Teresa Scassa - Blog

Monday, 10 August 2020 08:58

How Will COVID Alert Measure Up?

Written by  Teresa Scassa
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Canada’s new exposure notification app – COVID Alert has launched in Ontario. This shifts the focus from whether to adopt an app and what type to how we will know if the app is a success.

COVID Alert is built upon the Google Apple Exposure Notification System (GAEN) which is a completely decentralized model. This means that none of the proximity data collected via the app is shared with public authorities. GAEN apps must be entirely voluntary. Users choose whether to download the app and whether to upload positive test results for COVID-19. If a user is notified that they have been in proximity to someone who has tested positive for COVID-19 the app will advise what steps to take – but it will be up to the user to take those steps. Although there are privacy risks with any app (and here, they would be predominantly ones related to security and the possibility of malicious attacks), this could be the app on most users’ phones that collects the least personal data. COVID Alert has been vetted by the Privacy Commissioner of Canada and by Ontario’s Privacy Commissioner. It will also be reviewed by privacy commissioners in those provinces that choose to deploy it.

All of this is good news. As we start returning to workplaces, bars, restaurants and public transit, our daily lives will involve more and more moments of proximity with strangers. If nearly everyone is using COVID Alert – and if COVID Alert actually works the way it should – then it should help alert us to potential exposure to COVID-19 so that we can take steps to get tested and/or to isolate ourselves from those we might harm.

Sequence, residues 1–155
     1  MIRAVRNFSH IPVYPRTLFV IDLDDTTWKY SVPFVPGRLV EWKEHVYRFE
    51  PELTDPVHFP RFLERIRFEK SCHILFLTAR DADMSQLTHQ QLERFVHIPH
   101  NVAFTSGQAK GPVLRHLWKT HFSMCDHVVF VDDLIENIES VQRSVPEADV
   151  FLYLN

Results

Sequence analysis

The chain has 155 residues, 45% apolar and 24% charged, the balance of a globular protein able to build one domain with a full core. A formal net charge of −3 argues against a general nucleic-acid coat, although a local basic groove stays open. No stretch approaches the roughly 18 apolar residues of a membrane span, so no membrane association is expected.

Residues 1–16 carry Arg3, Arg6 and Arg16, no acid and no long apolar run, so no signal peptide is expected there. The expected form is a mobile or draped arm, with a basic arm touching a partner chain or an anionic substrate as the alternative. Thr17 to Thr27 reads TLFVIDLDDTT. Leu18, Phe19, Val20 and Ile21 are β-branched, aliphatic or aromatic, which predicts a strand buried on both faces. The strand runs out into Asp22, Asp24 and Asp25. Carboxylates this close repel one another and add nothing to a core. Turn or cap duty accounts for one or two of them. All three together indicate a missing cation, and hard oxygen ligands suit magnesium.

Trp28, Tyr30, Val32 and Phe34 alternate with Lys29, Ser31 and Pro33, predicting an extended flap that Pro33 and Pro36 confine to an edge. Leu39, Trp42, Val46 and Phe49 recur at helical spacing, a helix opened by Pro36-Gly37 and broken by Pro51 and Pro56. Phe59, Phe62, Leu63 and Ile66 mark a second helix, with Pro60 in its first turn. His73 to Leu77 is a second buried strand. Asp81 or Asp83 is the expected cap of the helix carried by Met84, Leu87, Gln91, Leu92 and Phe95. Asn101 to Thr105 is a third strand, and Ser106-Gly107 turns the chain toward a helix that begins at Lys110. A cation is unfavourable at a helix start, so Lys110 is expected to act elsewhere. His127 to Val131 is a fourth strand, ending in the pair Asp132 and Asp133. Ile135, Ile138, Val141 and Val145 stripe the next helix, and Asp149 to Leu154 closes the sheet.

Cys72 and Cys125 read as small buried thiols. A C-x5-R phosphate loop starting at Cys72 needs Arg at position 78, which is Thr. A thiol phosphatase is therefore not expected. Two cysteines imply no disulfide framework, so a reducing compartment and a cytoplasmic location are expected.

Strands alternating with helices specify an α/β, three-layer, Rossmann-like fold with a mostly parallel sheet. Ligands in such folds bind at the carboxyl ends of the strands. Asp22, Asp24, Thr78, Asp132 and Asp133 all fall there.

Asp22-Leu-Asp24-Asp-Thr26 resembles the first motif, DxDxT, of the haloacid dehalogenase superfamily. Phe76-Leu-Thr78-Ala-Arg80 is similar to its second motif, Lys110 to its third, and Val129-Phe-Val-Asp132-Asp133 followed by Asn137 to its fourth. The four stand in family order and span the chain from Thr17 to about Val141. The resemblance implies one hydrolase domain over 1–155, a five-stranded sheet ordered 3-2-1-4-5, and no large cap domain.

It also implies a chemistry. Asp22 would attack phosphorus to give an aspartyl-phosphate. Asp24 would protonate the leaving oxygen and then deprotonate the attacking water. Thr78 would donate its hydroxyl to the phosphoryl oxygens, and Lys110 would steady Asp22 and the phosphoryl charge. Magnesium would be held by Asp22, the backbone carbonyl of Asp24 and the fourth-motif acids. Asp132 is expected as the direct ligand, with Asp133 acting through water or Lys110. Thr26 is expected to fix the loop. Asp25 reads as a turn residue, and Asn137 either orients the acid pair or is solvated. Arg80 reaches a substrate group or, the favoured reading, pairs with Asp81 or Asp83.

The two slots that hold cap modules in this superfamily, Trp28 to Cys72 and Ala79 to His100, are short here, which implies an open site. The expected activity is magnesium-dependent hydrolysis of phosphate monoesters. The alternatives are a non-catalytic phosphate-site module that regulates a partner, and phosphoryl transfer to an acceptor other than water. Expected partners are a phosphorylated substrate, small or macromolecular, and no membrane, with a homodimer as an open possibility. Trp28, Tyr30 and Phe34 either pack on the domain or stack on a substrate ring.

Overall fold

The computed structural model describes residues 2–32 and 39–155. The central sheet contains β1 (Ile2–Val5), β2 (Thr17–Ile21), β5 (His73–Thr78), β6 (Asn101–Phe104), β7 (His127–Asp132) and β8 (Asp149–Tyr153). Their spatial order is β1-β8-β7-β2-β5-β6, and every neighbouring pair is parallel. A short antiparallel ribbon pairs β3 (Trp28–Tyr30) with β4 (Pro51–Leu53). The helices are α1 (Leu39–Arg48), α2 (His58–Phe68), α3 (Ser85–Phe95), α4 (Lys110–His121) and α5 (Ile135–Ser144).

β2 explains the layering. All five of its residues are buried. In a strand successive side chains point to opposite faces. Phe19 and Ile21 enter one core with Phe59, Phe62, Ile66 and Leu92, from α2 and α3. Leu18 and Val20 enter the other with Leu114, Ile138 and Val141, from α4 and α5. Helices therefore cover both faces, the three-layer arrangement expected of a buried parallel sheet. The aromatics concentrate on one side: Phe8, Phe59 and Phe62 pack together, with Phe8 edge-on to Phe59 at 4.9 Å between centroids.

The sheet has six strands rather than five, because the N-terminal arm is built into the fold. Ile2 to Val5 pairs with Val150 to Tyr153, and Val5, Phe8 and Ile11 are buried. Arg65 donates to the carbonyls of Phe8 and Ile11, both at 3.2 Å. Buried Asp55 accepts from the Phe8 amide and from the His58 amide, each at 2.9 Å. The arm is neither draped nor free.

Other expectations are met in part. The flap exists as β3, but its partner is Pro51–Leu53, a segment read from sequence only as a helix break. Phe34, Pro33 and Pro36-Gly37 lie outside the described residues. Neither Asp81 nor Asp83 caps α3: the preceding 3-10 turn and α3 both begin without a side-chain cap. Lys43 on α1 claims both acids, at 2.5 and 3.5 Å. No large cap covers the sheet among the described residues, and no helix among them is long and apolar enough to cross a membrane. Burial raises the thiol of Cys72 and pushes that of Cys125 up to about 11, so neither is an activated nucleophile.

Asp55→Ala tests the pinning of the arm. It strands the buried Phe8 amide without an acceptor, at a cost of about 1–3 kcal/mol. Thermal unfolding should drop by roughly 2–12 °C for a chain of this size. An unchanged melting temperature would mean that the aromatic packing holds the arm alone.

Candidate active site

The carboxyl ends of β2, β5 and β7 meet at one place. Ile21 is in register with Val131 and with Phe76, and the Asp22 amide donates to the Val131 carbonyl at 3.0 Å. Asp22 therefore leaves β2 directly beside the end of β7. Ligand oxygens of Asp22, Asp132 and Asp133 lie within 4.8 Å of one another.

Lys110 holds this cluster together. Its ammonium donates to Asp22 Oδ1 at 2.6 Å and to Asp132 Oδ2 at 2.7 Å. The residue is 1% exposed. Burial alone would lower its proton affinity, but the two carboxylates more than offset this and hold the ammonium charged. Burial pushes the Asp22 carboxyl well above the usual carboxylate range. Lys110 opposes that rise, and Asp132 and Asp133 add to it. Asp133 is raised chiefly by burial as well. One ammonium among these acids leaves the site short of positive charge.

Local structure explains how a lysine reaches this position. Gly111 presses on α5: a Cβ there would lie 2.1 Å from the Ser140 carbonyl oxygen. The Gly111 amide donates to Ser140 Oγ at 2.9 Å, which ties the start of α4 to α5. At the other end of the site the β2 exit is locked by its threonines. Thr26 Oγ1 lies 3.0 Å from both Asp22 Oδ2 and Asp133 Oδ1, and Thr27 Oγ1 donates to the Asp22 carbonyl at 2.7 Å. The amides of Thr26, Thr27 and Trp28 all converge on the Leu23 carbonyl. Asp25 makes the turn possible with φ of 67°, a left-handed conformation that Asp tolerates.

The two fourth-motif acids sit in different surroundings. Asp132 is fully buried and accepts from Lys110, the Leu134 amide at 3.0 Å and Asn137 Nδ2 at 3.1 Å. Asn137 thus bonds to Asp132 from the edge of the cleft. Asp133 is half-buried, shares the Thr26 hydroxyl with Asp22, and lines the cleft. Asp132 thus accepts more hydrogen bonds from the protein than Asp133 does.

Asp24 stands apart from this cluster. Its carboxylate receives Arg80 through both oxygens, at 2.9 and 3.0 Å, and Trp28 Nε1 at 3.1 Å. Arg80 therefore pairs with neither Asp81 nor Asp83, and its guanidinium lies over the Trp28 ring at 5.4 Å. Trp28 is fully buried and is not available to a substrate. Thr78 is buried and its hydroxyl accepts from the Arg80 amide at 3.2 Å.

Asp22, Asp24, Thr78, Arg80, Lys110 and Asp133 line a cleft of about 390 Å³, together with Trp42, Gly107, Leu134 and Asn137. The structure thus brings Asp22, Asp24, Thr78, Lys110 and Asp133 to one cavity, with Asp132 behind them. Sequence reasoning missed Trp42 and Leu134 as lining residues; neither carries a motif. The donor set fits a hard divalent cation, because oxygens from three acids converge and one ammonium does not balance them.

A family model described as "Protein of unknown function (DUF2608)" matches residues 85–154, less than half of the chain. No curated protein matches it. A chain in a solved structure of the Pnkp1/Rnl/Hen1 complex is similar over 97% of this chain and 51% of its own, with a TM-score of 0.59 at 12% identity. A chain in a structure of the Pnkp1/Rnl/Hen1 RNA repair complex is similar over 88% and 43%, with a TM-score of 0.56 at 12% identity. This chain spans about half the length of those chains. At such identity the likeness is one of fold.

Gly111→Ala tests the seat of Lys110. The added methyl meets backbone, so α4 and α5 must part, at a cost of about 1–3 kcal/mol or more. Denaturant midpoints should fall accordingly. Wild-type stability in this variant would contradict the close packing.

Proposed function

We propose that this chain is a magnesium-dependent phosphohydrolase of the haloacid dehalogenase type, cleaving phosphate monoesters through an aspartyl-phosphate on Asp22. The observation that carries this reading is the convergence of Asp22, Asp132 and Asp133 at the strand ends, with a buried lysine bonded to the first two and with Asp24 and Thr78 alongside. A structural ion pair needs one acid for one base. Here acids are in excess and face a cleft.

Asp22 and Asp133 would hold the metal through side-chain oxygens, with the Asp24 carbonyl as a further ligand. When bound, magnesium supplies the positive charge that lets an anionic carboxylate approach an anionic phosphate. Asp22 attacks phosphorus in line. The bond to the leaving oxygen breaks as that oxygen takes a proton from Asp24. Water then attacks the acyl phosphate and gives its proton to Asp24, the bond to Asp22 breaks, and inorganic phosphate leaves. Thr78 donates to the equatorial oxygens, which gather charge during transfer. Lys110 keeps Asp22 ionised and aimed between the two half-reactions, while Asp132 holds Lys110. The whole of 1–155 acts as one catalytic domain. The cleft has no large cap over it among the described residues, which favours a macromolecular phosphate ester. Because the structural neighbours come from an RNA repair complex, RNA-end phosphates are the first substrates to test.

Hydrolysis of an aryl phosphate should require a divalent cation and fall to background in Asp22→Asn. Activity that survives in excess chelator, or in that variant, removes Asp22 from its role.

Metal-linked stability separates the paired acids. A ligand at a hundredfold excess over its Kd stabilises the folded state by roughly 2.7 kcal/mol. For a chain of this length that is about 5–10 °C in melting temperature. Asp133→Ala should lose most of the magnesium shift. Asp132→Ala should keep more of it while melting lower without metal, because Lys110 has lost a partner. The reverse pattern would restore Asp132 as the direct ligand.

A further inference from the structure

Although it is likely to be useful, authorities are quick to point out it is only one tool among many. This is because there is much that is unknown about the actual performance of GAEN exposure notification apps. Such apps have only recently been launched in other countries. The threshold for recording a proximity event is one issue. For COVID Alert, a proximity event is recorded when two app users are within 2 metres of each other for 15 minutes or more. An EU guidance document describes this as “a starting point for the definition of a high-risk exposure contact”, but also indicates that “evaluation and calibration will be key to define the optimal time-and distance settings that adequately capture people at risk of infection.” The apps cannot detect whether people are separated by plexiglass or wearing masks or face shields, and may not function as well when phones are in purses or backpacks. These factors may impact the accuracy of the apps. People may receive exposure notifications due to contacts that are very unlikely to result in infection (on opposite sides of plexiglass, for example) but will experience stress and disruption (perhaps having to miss work while waiting for test results) as a result. These inconveniences might be disproportionately experienced by those whose work demands that they interact with the public or ride transit, and there may be problematic sociodemographic impacts as a result. On the other hand, for those who have to be out and about, the app may provide some level of comfort. There is much that we do not yet know, but that we need to learn. Noting some of the uncertainties around these types of apps, the Privacy Commissioner has recommended “that the government closely monitor and evaluate the app’s effectiveness once it is used, and decommission it if effectiveness cannot be demonstrated.”